There have been attempts to establish early warning systems to identify atrocities before they occur and to collectively demand responses. But we have yet to achieve the kind of effective, long-term approach that puts genocide and mass atrocity prevention at the top of our national security agenda. And that is even with the assertions by the Obama administration in 2011 that preventing mass atrocities and genocide is a “core national security interest and a core moral responsibility of the United States.” The Atrocity Prevention Board established at the time has worked to pull together an interagency focus on early warning triggers. However, the link between warning and response too often has been missing.

An attempt at the international level was the adoption by the UN General Assembly of the “Responsibility to Protect” doctrine at the World Summit in 2005. It came after a remarkable civil society coalition across the globe came together to press for its approval. It aimed at assuring that national sovereignty could never again justify ignoring when governments failed to act, were unable to act, or were complicit in the face of genocide, ethnic cleansing, war crimes, and crimes against humanity.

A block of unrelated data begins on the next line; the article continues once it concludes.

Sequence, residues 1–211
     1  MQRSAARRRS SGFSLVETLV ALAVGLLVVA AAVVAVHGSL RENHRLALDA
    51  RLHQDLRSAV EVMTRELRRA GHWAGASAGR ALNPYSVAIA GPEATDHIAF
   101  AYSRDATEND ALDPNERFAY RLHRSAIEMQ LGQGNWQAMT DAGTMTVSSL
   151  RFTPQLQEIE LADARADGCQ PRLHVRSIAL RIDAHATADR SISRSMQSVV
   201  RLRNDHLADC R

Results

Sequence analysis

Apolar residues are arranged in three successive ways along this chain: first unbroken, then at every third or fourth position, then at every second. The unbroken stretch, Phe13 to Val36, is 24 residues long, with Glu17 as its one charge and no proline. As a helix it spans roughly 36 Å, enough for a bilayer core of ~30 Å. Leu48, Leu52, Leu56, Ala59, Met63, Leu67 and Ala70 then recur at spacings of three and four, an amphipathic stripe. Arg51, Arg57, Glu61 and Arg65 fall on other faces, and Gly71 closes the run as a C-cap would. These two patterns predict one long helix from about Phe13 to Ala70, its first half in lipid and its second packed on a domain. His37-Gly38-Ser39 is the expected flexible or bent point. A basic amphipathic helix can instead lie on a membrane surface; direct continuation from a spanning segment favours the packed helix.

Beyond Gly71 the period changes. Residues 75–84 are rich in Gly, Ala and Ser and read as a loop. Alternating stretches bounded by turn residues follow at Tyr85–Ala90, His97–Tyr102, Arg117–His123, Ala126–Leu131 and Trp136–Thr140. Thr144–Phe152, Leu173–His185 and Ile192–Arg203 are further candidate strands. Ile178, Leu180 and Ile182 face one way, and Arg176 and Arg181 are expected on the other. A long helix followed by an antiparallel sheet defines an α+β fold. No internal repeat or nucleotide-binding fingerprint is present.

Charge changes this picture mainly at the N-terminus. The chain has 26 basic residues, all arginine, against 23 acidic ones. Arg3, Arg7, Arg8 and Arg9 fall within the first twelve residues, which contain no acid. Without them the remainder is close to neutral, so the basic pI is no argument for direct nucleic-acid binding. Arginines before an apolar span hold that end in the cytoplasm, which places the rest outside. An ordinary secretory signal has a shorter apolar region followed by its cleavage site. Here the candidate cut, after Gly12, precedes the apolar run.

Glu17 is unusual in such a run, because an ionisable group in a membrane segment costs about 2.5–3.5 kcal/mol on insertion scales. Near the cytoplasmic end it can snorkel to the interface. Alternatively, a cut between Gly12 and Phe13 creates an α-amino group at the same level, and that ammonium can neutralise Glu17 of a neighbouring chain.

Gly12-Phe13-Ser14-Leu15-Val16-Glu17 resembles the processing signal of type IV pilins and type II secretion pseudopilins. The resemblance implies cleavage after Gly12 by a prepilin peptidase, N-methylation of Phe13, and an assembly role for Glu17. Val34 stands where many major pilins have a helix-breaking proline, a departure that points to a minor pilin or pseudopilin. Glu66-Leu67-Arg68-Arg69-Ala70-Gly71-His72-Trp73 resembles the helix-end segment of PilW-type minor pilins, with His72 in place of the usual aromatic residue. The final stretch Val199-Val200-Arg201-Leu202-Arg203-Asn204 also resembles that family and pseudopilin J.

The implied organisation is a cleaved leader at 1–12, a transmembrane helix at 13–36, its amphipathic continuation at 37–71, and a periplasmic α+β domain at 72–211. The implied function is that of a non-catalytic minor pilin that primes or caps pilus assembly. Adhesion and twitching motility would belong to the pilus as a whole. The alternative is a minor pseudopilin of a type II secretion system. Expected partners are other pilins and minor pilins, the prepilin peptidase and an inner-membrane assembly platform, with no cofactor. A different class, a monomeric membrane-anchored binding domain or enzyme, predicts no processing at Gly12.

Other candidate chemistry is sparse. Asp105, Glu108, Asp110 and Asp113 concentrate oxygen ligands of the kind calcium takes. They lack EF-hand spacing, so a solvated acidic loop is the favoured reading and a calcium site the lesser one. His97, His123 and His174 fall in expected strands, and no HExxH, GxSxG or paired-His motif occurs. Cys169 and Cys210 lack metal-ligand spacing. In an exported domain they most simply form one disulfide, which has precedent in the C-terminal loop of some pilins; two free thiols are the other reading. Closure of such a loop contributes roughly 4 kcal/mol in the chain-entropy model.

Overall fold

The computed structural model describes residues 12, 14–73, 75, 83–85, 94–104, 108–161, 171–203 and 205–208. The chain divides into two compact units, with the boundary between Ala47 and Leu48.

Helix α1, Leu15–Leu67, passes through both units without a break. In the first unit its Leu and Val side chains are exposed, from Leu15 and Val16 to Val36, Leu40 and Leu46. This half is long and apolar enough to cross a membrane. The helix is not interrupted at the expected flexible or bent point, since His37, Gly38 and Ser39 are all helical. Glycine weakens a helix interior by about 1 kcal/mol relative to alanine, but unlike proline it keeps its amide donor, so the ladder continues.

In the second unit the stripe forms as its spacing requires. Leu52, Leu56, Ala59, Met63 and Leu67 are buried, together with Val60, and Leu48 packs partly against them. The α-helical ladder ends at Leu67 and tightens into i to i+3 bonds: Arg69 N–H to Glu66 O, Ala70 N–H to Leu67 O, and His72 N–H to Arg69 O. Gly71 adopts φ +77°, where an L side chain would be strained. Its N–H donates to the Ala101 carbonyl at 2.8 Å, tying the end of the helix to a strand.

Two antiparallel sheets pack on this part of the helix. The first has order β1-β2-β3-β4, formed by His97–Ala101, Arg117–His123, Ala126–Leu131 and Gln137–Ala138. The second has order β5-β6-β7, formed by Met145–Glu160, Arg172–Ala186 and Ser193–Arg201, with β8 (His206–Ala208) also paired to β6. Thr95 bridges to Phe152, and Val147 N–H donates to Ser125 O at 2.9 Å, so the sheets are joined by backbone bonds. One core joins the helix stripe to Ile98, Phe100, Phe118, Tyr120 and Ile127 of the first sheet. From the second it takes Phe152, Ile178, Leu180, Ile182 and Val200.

The Responsibility to Protect has three foundational pillars:

  • Pillar One confirms that the primary responsibility lies with the state to protect its own citizens from genocide, war crimes, ethnic cleansing, and crimes against humanity;
  • Pillar Two affirms the international community’s responsibility to assist states in building critical capacities to protect their populations and addressing drivers and triggers before the commission of mass atrocity crimes;
  • Finally, Pillar Three asserts that the international community has the responsibility to take timely and decisive action using appropriate diplomatic, humanitarian, and other means to prevent and halt genocide, ethnic cleansing, war crimes, and crimes against humanity when a state is manifestly failing to protect its population. This obligation may be even more critical today—when ISIS and other violent nonstate actors are carrying out the atrocities.